Here's today's question: in a mystery, which element is most important?

I know, I know: it's impossible to choose one. But just for fun, consider which element an author should work on most carefully. Plot? Character? Setting? Irony? Tone? Something else?

I actually have a pretty strong opinion on this one, and I'll express it on Monday, but (being a fair, open-minded sort) I'm willing to hear what everyone else thinks first. But be prepared for an argument!

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Comment by Dana King on February 8, 2009 at 4:52am
I'm the opposite. I read all of DVC, hated every minute of it. (Partly due to masochistic tendencies, and partly because someone asked if I'd read it because they wanted to know what I thought of it.) The writing, characters, and dialog were so amateurish, the plot couldn't save it, though I give him high marks for creativity in that regard.

On the other hand, I read ROSE by Martin Cruz Smith several years ago and loved it, all the way to the end, which I thought was very weak and killed the experience for me. Up to the final reveal, though, it was great.
Comment by Peg Herring on February 7, 2009 at 7:05am
I wasn't happy with the last MCSmith I read, something about Stalin's ghost, but the first few I read, especially Gorky Park & Polar Star, were wonderful. And I agree about Dan Brown--the ideas in DVCode are so much fun I didn't care if the characters were pancakes.
Comment by Eric Christopherson on February 7, 2009 at 6:00am
The truth of the matter is you can't perfectly separate any of these categories (but you left out theme and pace IMO). How do you separate voice from character, for example, in a first person novel?

I think honestly that the correct answer is that at least one of these elements of the novel has to dazzle to make a book a worthy read. You can even suck at everything else and I won't mind if at least one aspect dazzles. If every last element is workmanlike then I rarely if ever truly enjoy the read.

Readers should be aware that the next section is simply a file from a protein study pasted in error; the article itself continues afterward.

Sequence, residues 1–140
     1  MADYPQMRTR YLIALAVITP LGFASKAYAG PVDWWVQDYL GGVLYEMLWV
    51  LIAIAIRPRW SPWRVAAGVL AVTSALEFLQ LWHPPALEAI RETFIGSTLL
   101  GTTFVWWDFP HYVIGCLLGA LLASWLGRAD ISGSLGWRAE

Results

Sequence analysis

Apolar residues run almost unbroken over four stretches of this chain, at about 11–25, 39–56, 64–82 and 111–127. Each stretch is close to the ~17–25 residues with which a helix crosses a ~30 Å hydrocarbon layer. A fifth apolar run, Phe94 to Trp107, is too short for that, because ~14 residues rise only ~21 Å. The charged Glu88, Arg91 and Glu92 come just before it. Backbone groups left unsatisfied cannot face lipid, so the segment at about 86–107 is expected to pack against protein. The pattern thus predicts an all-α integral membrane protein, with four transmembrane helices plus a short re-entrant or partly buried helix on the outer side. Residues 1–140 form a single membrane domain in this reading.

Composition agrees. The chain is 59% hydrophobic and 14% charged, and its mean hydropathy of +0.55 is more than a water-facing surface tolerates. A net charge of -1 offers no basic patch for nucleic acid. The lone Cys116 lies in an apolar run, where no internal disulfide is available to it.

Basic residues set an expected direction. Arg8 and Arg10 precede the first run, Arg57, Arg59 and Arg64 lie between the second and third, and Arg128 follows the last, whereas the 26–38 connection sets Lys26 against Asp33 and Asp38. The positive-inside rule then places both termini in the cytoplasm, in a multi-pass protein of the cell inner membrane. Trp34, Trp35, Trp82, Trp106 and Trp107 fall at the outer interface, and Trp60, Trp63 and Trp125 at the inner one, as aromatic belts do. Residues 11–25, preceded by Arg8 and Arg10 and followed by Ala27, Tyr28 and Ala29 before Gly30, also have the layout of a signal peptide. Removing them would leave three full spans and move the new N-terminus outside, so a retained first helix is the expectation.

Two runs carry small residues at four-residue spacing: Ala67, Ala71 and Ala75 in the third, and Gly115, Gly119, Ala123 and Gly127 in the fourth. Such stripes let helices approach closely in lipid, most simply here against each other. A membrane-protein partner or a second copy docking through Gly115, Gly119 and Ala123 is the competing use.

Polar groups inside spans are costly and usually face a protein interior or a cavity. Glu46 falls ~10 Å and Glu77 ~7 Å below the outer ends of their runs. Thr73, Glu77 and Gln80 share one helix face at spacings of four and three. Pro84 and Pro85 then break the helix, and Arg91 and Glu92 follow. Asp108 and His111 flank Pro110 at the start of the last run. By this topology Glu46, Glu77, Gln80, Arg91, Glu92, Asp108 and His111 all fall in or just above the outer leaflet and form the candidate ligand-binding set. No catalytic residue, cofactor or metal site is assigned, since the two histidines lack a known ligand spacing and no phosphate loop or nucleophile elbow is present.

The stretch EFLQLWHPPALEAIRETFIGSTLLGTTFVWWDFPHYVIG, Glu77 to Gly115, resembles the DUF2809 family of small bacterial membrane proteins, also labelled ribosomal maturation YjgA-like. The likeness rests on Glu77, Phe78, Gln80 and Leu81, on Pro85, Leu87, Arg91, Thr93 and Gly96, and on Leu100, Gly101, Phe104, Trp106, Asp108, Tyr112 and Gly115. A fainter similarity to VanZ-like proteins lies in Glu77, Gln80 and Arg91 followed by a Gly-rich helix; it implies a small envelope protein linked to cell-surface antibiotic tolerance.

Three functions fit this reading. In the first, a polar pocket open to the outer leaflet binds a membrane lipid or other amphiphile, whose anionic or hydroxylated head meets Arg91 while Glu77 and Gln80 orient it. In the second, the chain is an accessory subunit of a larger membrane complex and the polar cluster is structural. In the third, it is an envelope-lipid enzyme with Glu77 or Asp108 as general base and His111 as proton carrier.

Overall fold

A guy like Dan Brown, whose characterization and descriptive skills make me barf, is always worth a read IMO because his plotting and pacing is indeed dazzling. A guy like Martin Cruz Smith, maybe my favorite living mystery/suspense writer, is good at virtually everything (although plot is his relative weakness, but that's like saying Willie Mays's weakest skill was base running, he could outrun most everyone). With Chandler it's all about the voice; I'm not sure he dazzled at anything else, surely not plot. I could go on. What I can't do is answer this question in the manner posed. Glad you asked it though.
Comment by Dana King on February 7, 2009 at 4:17am
Tone (or voice) is probably most important to me. A lot of things play into that--it's hard for me to imagine a book with the tone I like that doesn't place me in the setting with believable characters who soeak the way real people speak--but if I like how the story slides through my brain, I can forgive a lot of things.

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